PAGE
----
19 MAY 1961, Page 23


The Unbeloved Republic

BY PETER DUVAL SMITH IN these days every smiling liberal has his Panacea for the ills of South Africa, but seldom are their remedies founded on any more knowledge of the country than can be got from reading the pamphlets of the political priests. The plans they propose may hasten a solu- tionof some sort to the Union's troubles, but


may not be a solution inspired by much under- standing. The present discontents did not begin With Sharpeville: they are part of the history of the last 300 years, a history as rich in tragedy and fraud as that of most European countries in that period. If there is to be any but a bloody Way out of them, this is the time for strong nerves. Those who cry havoc do not help. It was unpleasant to see with what glee South Africa's departure from the Commonwealth was greeted in this country. If she had to go, surely this was not the best occasion for self-congratulation by British people. A short course of recent history is recommended for all those high thinkers who Parade with little black badges in Trafalgar Square.

Perhaps they could start with The Fall of kruger's Republic,* in which the Professor of History at Witwatersrand University considers the events that led up to the Boer War. Professor Marais could not have foreseen the aptness with Which his book appears twelve days before the old Republic is reborn, but I would guess he is not displeased: behind a façade of objectivity, his book is a very partial study of those lament- able events. Indeed, it is hard to see how it could ne otherwise,- for nearly all the facts are on his side. He had no need to press his points against the British. It is a tale to make us squirm, which is perhaps what we should be doing at the moment, instead of preening ourselves that we are not as the South Africans are. For there is no doubt that a large part of the blame for the calamitous state of the Union today lies with the British Government for its conduct of rela- tions with the South African Republic between 1895 and the outbreak of the Boer War in Octo- ber, 1899. Those four years are the theme of Professor Marais's book.

It all began when Joe Chamberlain was installed in the Colonial Office by Salisbury in

June, 1895. 'Pushful Joe' (as Hofmeyr, the

moderate Cape Afrikaner leader, called him) was a man to whom Imperialism was a religion. In

(iladstone's ministry of the early Eighties he had been a strong force behind the decision to bombard Alexandria, a quondam Suez which led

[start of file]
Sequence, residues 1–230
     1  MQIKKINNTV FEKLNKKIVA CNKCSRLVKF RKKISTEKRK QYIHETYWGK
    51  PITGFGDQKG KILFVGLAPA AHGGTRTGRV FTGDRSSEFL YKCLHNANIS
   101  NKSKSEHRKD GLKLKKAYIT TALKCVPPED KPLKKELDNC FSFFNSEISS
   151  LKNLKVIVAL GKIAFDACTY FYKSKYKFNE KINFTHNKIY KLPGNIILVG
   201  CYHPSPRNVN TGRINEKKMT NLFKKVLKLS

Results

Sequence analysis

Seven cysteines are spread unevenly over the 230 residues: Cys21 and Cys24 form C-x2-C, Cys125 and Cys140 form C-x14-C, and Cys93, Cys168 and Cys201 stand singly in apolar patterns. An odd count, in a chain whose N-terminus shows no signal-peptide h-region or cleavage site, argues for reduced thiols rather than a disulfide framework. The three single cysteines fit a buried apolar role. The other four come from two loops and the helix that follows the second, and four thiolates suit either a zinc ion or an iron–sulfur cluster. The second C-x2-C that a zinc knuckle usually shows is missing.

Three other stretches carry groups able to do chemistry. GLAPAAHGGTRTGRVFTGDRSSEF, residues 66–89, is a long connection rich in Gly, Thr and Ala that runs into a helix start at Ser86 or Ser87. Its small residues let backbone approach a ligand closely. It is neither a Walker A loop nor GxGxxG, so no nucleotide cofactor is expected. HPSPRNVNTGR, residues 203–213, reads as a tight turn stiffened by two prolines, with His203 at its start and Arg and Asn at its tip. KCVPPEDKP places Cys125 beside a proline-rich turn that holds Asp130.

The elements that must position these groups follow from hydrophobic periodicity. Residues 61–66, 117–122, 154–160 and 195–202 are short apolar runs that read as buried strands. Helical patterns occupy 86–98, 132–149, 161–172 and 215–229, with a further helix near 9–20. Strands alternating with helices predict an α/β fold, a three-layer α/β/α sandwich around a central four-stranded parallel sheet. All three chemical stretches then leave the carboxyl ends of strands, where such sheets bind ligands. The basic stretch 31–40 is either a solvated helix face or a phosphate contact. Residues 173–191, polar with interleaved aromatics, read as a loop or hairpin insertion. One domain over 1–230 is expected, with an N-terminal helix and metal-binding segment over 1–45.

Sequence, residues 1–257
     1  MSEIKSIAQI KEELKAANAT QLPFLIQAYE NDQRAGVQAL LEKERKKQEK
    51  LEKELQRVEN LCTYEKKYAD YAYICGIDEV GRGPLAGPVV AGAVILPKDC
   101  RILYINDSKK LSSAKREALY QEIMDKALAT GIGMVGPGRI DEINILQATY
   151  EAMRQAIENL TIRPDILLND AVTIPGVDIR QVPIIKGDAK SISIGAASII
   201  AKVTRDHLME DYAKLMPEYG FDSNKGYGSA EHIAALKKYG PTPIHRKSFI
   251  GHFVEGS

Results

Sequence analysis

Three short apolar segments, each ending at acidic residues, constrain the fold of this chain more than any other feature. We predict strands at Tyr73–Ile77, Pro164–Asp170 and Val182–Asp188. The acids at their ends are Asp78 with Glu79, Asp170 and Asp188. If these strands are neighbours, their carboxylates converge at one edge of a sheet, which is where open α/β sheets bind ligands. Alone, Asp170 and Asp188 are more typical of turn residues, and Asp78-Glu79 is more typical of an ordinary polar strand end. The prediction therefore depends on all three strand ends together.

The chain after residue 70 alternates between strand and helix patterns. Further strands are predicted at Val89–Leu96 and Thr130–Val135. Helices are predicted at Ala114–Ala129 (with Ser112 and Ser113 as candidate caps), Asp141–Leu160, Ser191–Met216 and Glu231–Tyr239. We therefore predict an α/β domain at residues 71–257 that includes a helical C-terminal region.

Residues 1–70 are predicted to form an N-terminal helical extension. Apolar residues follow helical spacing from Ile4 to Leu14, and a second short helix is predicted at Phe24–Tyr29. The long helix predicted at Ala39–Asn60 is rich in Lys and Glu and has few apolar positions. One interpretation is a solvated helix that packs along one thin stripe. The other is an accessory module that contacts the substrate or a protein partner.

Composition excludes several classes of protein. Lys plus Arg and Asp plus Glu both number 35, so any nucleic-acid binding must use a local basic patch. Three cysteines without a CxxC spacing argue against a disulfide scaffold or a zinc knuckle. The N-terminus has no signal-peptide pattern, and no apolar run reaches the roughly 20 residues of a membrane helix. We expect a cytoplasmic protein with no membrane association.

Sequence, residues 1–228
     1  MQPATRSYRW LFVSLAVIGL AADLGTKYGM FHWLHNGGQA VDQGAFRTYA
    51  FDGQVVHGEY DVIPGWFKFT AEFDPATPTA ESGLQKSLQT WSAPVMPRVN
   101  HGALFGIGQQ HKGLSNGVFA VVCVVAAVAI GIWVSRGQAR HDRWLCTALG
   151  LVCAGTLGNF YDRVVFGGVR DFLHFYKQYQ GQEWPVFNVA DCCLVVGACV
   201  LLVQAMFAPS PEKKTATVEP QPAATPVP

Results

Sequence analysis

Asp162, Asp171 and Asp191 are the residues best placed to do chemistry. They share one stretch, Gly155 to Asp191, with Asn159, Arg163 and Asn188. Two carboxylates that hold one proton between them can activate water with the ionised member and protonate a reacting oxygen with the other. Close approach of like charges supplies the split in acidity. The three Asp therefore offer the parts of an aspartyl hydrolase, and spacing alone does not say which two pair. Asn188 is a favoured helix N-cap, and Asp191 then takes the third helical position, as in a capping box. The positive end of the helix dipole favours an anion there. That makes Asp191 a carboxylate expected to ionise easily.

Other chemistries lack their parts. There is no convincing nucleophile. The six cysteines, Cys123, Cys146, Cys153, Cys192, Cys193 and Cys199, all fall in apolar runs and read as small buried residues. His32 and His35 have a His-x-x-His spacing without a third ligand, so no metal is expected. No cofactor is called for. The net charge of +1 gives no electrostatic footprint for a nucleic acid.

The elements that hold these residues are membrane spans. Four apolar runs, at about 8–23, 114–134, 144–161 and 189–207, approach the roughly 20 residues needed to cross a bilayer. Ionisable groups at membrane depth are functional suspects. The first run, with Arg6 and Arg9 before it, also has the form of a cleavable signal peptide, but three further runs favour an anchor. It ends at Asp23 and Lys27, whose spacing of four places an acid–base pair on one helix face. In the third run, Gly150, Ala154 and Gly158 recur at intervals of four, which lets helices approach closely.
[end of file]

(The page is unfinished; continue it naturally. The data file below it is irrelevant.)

to the occupation of Egypt. For years he had hankered for the Colonial Office. According to Professor Marais, he swung into action at once. The Jameson Raid took place in the last days of

1895, and the professor is sure that Chamberlain was privy to it. He rightly pokes fun at the

notorious Commons 'Committee of No Enquiry,' which reported on the conspiracy, but his evi- dence that the Colonial Office was implicated is merely circumstantial or else based on unreliable

* TIIE FALL OF KRUGER'S REPUBLIC. By J. S. Marais. (O.U.P., 35s.)

documents, such as the reminiscences of a minor cfficial written many years later. The impression is that the professor is forcing his case. Why does he bother, one wonders? By poring through the Colonial Office archives, he has discovered an interminable series of the most deplorable communications between Chamberlain and his agents in South Africa. There is no doubt he would have supported the Jameson Raid if he could have been sure of its success, and if he hadn't been frightened of Rhodes. There is a bad gap in Professor Marais's otherwise almost tediously detailed narrative, probably because the professor works almost entirely from official documents, and the devious methods of Rhodes would tend to escape him. He does not explain, for instance, why Rhodes was able to treat Chamberlain virtually as a subordinate. One would like to hear more about the dirty business of the Missing Telegrams, apparently used by Rhodes to blackmail Chamberlain and keep him- self out of prison after his part in Jameson's adventure.